Thursday, April 20, 2005

Businesses on N. Memphis seek tax relief

Staff Writer

W.A. McMillan submitted a resolution from the Marshall County Community Development Corp., signed by Sy Oliver and Alfred Moore, asking for a five-year tax release for 14 businesses they allege have been adversely affected by the North Memphis Street revitalization project.

The Holly Springs street improvements have been under construction since May of 2004.

The resolution alleged that the businesses have suffered adversely for two years due to the construction on North Memphis.

It appealed to the board of aldermen and mayor to approve the HSCDC resolution to aid “these struggling businesses and provide for their survival and contribute to a stronger economy in the City of Holly Springs.”

McMillan presented the resolution on behalf of the HSCDC’s president Oliver and director Moore. McMillan has served as president of the organization.

He said if the resolution was approved, the organization would go to the tax office to find out how much sales taxes were collected from the 14 businesses over several years.

Mayor Andre’ DeBerry corrected McMillan’s statement, saying that the street repair and widening was not given orders to proceed until May 2004.

“One, then,” said McMillan.

City board attorney Ki Jones advised that from a legal standpoint passing such a resolution would be tantamount to acknowledging the alleged damages.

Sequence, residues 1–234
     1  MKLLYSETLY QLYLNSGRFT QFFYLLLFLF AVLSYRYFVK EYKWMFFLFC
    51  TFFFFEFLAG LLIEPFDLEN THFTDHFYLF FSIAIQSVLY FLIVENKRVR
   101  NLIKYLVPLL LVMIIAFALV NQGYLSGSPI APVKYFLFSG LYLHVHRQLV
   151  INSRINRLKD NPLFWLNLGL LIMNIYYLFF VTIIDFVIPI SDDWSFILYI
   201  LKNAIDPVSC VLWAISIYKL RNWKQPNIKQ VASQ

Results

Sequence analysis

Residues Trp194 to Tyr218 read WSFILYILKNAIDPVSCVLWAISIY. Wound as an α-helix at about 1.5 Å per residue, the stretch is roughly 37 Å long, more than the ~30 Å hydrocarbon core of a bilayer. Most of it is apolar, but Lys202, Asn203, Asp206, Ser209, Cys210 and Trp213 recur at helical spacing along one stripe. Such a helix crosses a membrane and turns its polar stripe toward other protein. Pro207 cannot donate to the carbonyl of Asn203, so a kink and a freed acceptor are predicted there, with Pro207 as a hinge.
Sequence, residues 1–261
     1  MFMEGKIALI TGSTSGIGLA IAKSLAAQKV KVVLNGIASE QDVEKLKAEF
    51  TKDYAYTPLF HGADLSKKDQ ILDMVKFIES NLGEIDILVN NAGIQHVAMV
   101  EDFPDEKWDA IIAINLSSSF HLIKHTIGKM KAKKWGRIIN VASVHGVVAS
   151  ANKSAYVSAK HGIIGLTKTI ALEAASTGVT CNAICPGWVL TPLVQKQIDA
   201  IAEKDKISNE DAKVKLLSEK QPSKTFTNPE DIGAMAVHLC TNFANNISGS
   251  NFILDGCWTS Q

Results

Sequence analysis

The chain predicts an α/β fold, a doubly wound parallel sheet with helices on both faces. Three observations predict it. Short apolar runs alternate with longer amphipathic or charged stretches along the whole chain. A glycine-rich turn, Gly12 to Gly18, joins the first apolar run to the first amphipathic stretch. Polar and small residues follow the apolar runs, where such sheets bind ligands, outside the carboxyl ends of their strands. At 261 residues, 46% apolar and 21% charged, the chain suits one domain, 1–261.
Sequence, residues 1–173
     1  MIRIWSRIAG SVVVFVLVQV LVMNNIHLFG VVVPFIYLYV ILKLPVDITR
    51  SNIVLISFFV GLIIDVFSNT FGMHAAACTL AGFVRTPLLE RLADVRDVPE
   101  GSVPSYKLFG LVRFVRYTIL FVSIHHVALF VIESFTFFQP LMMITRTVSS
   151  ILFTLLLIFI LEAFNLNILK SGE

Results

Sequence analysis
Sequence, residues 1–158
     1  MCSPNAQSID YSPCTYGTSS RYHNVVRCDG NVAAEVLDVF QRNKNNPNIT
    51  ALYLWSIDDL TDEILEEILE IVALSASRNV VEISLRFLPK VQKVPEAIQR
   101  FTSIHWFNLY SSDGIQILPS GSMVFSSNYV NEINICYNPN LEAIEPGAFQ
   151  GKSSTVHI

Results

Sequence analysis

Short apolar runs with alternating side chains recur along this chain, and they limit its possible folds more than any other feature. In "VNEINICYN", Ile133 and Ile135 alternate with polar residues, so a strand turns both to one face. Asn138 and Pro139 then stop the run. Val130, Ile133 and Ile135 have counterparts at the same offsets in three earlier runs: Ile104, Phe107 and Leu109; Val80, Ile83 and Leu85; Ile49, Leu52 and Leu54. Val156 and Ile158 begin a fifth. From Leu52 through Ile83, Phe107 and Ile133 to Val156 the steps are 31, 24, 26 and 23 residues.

“Are the businesses going to open up their books to show losses?” he asked. “And did you canvas the businesses to see if they had losses? The access has not been cut off.

“If the resolution says there are great financial losses, we open ourselves to a lawsuit.”

DeBerry said the city cannot adopt a resolution drawn up by another party. He encouraged businesses who think they have suffered losses to provide information substantiating them to the board.

“At least you’ve got it on your brains, right now,” McMillan said.

“If we bring this street to light, we have other streets where work is being done,” DeBerry added.

“What does this organization have to do to make you give it serious consideration?” McMillan asked.

DeBerry said showing the businesses’ revenues for the last three years would be used to determine whether those businesses experienced a slow down.

McMillan said they were willing to do more research.

“Keep in mind, as the construction is completed, the value of this land increases,” DeBerry said.

“While the grass is growing the horse is starving,” McMillan quipped. “I think something needs to be done.”

He added that the city had dirt piled up on one side of Annie’s Restaurant which prevented customers from parking there.

“So, I ask you to have compassion,” said McMillan. “Small businesses - they are not rich like some people.”

“Don’t go there Dr. McMillan,” DeBerry said.

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